August 27, 2016

EARLY FRIDAY BOX OFFICE: “Don’t Breathe” Inhales Audiences, “Mechanic” Breaks Down


DON’T BREATHE (Screen Gems/Sony) is the 2d horror movie of the late summer, after Lights Out, to benefit from an effectively marketed premise (monsters in the dark and the quiet) and strong reviews.  According to preliminary numbers at Deadline, Breathe is starting even faster than Lights, with a $10.2M opening day (including $1.9M from Thursday night) compared to $9.2M.  That could get it as high as $24M for the weekend, a terrific result for a thriller that won’t have more than $70M in production/worldwide marketing costs.

None of the weekend’s other openings are nearly as strong.  MECHANIC: RESURRECTION (Lionsgate) notched just $2.6M on its first day (including $400K from Thursday night), and is facing a $6.5M weekend.  That’s significantly below the $3.6M/$11.4M for the 2011 Mechanic reboot, which was a January opening, and will be Jason Statham’s worst start since 2013’s Parker at $2.1M/$7M.

Two of the weekend’s arrivals opted for quasi-wide starts at about 800 theatres.  SOUTHSIDE WITH YOU (Roadside) leads with $1M on Friday and what should be a fair $2.5M+ weekend.  HANDS OF STONE (Weinstein) managed just $600K on Friday and may not top $1.5M for the weekend.  Hands is supposedly expanding to 2000+ theatres on Wednesday, but after such a weak start, if the expansion does occur, marketing costs will probably be shaved to a minimum.

In addition, HELL OR HIGH WATER (CBS/Lionsgate) expanded to semi-wide release at 909 theatres, showing little strength with $950K on Friday and perhaps $3M for the weekend.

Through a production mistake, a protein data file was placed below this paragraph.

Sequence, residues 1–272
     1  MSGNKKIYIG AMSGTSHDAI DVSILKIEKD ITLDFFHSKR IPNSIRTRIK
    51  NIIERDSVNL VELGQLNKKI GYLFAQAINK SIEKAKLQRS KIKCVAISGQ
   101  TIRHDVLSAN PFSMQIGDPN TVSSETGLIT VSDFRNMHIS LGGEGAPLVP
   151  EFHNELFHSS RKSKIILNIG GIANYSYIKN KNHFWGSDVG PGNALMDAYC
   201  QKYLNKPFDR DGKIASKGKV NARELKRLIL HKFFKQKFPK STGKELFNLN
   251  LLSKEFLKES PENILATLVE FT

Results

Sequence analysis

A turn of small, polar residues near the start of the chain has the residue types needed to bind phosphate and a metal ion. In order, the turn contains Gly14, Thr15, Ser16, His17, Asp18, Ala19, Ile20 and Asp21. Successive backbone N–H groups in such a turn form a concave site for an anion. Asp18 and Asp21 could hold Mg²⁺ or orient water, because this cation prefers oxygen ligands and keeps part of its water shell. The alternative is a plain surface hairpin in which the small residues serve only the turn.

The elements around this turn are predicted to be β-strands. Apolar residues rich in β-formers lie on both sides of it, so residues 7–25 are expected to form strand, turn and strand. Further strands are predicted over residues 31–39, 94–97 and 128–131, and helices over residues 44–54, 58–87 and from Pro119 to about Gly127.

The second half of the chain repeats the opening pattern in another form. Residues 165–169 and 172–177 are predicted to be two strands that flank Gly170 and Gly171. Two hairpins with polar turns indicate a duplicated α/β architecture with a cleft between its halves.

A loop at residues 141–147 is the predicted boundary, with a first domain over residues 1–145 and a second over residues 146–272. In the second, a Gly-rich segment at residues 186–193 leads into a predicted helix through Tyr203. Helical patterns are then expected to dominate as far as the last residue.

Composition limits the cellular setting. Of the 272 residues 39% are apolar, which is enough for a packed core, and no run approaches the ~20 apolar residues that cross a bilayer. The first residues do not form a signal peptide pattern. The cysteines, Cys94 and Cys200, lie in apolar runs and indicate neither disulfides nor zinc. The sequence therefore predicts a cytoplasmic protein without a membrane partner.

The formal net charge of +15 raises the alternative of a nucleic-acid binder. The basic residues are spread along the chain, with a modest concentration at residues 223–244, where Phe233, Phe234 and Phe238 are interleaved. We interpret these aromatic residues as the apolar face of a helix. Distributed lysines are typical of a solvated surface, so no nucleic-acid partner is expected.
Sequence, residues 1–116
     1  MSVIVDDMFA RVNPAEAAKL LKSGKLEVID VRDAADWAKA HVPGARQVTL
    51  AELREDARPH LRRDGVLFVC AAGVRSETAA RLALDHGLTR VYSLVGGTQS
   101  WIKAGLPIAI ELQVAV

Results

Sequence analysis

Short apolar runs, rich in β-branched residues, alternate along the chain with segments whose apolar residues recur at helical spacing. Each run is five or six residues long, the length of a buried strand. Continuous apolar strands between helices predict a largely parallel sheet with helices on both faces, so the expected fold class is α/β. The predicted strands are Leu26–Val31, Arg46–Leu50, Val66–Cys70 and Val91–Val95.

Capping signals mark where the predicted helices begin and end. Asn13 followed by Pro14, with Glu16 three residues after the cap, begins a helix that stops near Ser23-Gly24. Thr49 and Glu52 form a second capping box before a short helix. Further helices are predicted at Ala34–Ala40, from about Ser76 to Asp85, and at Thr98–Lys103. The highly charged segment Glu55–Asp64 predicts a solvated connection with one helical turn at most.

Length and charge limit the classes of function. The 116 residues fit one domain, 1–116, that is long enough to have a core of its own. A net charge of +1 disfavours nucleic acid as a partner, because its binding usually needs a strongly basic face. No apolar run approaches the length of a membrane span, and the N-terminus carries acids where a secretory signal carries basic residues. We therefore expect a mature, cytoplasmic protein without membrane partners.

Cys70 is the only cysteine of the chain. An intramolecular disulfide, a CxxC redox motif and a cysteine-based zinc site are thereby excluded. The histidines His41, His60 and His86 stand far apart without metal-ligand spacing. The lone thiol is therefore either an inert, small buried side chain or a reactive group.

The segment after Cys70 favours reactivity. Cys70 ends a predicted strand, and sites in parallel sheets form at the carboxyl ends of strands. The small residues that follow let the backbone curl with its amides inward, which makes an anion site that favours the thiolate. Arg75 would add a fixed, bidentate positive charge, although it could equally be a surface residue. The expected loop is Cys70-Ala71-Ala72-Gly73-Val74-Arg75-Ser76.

SUICIDE SQUAD (RatPac/DC/Warners) lost its weekend crown, but leads the holdovers.  It stabilized somewhat after 2 weeks of free-fall, down 47% from last Friday to $3.2M for a $11M weekend.  By way of comparison, even though Suicide‘s opening weekend was $40M ahead of the Guardians of the Galaxy launch, in Weekend 4, Guardians was at $17.2M, the difference between great and lousy word of mouth.

PETE’S DRAGON (Disney) and KUBO AND THE TWO STRINGS (Laika/Focus/Universal) are both holding fairly well, but at low numbers.  Pete was down 42% from last Friday to $1.8M, and Kubo fell 51% to $2M, with both heading to $7.3M weekends.  Pete will probably end up at $70M in the US and Kubo at $40M, both requiring strong overseas performance to avoid big losses.  Kubo, notably, is falling faster than Laika’s last release The Boxtrolls, which was down just 44% on its 2d Friday.

WAR DOGS (RatPac/Warners) collapsed by 65% from last Friday to $1.9M, and with a $6.5M weekend, it won’t get much past $40M in the US, a bad number for a not inexpensive project.  Of course, War Dogs looks like a smash compared to BEN HUR (MGM/Paramount), down an ugly 66% from last Friday to $1.4M and headed for a $5M weekend and $30M in the US, drowning in red ink on $200M in production/marketing costs.

SAUSAGE PARTY (Annapurna/Columbia/Sony) is still on track for $95M in the US after a 55% Friday-to-Friday decline for a $7.5M weekend.  The queen of the holdovers remains BAD MOMS (H Brothers/Tang/STX), down just 32% from last Friday to $1.8M, and now likely to cross $100M in the US by the end of Labor Day weekend.

THE HOLLARS (Sony Classics) opened at 4 arthouses and is headed for an unexciting $10K weekend per-theatre average.



About the Author

Mitch Salem
MITCH SALEM has worked on the business side of the entertainment industry for 20 years, as a senior business affairs executive and attorney for such companies as NBC, ABC, USA, Syfy, Bravo, and BermanBraun Productions, and before that, at the NY law firm of Weil, Gotshal & Manges. During all that, he has more or less constantly been going to the movies and watching TV, and writing about both since the 1980s. His film reviews also currently appear on and In addition, he is co-writer of an episode of the television series "Felicity."